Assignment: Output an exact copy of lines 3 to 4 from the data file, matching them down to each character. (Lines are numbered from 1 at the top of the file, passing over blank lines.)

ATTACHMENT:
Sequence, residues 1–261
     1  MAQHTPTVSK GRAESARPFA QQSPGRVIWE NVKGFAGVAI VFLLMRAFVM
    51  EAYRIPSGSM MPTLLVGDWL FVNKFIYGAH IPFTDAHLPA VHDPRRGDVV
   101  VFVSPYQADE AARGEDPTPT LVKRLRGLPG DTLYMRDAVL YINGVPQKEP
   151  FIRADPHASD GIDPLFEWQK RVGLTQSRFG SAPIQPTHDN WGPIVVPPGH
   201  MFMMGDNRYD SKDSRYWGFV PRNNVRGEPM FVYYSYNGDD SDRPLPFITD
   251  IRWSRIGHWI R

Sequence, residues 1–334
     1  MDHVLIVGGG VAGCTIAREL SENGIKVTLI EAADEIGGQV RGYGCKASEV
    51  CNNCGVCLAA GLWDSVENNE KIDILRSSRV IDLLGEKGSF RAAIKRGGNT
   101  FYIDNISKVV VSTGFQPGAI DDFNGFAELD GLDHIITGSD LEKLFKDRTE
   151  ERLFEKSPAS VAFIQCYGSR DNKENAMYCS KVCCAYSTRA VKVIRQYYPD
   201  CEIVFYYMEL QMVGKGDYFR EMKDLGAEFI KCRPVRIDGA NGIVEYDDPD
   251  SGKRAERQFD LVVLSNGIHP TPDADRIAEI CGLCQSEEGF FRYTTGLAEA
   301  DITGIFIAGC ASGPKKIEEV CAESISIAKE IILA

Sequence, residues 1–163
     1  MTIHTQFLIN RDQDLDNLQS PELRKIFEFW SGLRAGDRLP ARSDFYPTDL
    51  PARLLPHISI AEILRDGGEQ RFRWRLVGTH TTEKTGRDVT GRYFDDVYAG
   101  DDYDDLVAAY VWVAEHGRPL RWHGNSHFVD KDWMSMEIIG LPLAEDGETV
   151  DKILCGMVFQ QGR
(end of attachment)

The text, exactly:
    51  EAYRIPSGSM MPTLLVGDWL FVNKFIYGAH IPFTDAHLPA VHDPRRGDVV
   101  VFVSPYQADE AARGEDPTPT LVKRLRGLPG DTLYMRDAVL YINGVPQKEP